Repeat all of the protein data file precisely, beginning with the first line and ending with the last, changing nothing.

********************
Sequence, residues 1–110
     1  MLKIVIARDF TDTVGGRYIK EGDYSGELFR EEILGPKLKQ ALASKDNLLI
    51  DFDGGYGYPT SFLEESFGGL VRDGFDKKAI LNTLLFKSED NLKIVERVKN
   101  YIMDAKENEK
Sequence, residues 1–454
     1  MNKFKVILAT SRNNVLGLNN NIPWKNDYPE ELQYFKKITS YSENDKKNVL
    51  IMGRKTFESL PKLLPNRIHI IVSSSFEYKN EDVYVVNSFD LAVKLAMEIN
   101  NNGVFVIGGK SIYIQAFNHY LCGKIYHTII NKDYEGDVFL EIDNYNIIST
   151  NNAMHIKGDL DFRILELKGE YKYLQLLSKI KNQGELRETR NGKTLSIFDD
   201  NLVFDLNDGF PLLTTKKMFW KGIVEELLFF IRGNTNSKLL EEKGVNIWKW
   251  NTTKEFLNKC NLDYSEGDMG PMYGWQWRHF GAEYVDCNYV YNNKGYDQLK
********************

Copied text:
Sequence, residues 1–110
     1  MLKIVIARDF TDTVGGRYIK EGDYSGELFR EEILGPKLKQ ALASKDNLLI
    51  DFDGGYGYPT SFLEESFGGL VRDGFDKKAI LNTLLFKSED NLKIVERVKN
   101  YIMDAKENEK
Sequence, residues 1–454
     1  MNKFKVILAT SRNNVLGLNN NIPWKNDYPE ELQYFKKITS YSENDKKNVL
    51  IMGRKTFESL PKLLPNRIHI IVSSSFEYKN EDVYVVNSFD LAVKLAMEIN
   101  NNGVFVIGGK SIYIQAFNHY LCGKIYHTII NKDYEGDVFL EIDNYNIIST
   151  NNAMHIKGDL DFRILELKGE YKYLQLLSKI KNQGELRETR NGKTLSIFDD
   201  NLVFDLNDGF PLLTTKKMFW KGIVEELLFF IRGNTNSKLL EEKGVNIWKW
   251  NTTKEFLNKC NLDYSEGDMG PMYGWQWRHF GAEYVDCNYV YNNKGYDQLK